A Climate Change Primer
By Jeremy Morrison
Last year, the federal government released the National Climate Assessment. The report outlined the potential climate-change-related impacts different areas of the United States can expect as well as recommendations on how best to prepare for the coming changes.
“Interestingly, it came out the day after Thanksgiving,” said Christian Wagley, a local environmental advocate, explaining how the report’s release was designed to get lost in the holiday weekend news cycle.
The 2018 report paints a future featuring more severe weather occurring with increasing frequency. It forecasts floods and heat and hurricanes. The cataclysmic predictions are available in chapter form or laid out on a lush, easy-to-read .gov website.
“It’s fairly general. It’s not like reading a scientific journal article,” Wagley said. “Really, anybody can read it and digest it. It’s very user-friendly.”
To re-broadcast the key findings of the climate assessment report, 350 Pensacola recently hosted a public forum which organizers dubbed a “teach-in.” Wagley, who moderated the event, connected the concept to the origin of Earth Day in 1970.
“They did an intensive teaching session about our planet,” Wagley said.
The local teach-in, held July 30 at the Studer Community Institute, featured four presenters who walked through varying aspects of the report.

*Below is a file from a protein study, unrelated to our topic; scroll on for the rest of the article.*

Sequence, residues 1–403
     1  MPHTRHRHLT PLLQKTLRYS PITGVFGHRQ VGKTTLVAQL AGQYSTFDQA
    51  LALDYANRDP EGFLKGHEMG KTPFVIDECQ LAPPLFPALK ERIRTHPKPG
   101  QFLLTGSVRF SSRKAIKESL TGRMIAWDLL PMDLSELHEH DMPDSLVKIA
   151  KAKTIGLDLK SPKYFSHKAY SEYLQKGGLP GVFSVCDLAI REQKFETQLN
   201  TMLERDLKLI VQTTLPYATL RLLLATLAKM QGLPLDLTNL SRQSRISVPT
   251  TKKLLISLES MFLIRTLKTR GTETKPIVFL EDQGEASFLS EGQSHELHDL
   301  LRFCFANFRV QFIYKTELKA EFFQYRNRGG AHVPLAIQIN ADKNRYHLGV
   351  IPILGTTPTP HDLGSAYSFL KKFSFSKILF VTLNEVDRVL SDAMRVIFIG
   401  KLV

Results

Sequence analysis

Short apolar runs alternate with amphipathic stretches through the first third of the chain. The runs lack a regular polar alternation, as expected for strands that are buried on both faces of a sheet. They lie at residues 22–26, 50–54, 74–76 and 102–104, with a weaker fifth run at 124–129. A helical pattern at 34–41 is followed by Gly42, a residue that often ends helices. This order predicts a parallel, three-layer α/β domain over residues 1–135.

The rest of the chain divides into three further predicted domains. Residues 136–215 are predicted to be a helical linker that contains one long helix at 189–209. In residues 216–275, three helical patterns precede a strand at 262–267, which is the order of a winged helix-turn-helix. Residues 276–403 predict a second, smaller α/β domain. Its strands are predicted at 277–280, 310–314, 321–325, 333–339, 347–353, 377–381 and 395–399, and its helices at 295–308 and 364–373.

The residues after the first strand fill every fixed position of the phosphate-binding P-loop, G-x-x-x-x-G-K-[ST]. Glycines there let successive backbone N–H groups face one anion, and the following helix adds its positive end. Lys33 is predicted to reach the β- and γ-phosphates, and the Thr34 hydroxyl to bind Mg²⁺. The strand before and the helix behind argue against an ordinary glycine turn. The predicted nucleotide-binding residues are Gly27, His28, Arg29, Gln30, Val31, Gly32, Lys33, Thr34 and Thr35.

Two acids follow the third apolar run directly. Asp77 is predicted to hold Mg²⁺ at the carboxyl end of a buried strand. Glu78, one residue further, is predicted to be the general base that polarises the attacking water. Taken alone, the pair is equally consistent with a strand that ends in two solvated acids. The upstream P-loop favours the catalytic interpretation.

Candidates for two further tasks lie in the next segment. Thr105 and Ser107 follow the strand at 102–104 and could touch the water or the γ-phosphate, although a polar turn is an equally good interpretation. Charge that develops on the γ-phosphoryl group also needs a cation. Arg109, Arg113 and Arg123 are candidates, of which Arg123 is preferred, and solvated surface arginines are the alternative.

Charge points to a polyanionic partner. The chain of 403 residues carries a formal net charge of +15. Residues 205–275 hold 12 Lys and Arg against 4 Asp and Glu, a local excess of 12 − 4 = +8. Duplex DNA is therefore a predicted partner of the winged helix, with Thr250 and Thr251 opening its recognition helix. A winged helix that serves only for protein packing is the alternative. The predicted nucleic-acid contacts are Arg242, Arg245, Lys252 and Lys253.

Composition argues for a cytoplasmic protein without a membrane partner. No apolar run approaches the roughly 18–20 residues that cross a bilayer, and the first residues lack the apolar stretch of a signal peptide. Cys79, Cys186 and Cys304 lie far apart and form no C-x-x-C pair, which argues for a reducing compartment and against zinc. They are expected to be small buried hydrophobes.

Cooper Corey, a UWF junior majoring in natural sciences, presented an overview of the basic science behind climate change. The 20-year-old student is currently conducting climatological research on rainfall in the Southeast United States.
Toward the beginning of the presentation, Corey projected an image onto a screen of a chart depicting a sharp, angry-looking trajectory line racing northward along a graph.
“This black line is the increase in temperature from 1880 to 2020,” Corey said.
Attendees had already learned that between 1901 and 2016, the average global temperature had risen around 1.7 degrees and that it wasn’t natural.
“Rather, many scientists agree that human activities, primarily greenhouse gas emissions and land-use changes, are responsible for this,” Corey said, explaining that 16 of the last 17 years had broken the “warmest year on record” record.
And rising temperatures aren’t the only measurable impact of climate change detailed in the assessment.
“Besides just the basic temperature, we can see the warming just through the decrease of glaciers, snow cover, sea ice, pretty much anything that’s frozen,” Corey said, “and an increase in mean sea level around the entire world and an increase in heat extremes and severe precipitation events, much like what happened here in 2014.”
What About Water?
The areas of the National Climate Assessment dealing with water were outlined by Haley Matherly, a UWF grad student studying environmental science. Matherly, who is interning with 350 Pensacola, has recently been researching renewable energy issues and will make a presentation on the topic this month to the Pensacola City Council.